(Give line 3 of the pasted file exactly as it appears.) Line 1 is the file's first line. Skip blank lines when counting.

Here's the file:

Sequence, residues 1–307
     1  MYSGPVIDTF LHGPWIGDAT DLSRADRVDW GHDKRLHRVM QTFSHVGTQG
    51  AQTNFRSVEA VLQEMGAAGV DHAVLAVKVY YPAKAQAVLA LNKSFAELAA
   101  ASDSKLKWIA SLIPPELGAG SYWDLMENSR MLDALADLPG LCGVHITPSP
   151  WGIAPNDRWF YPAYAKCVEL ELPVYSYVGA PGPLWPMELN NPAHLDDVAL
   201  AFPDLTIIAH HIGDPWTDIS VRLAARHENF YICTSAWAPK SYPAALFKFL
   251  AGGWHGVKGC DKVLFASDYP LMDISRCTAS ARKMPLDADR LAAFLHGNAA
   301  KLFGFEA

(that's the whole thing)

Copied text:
    51  AQTNFRSVEA VLQEMGAAGV DHAVLAVKVY YPAKAQAVLA LNKSFAELAA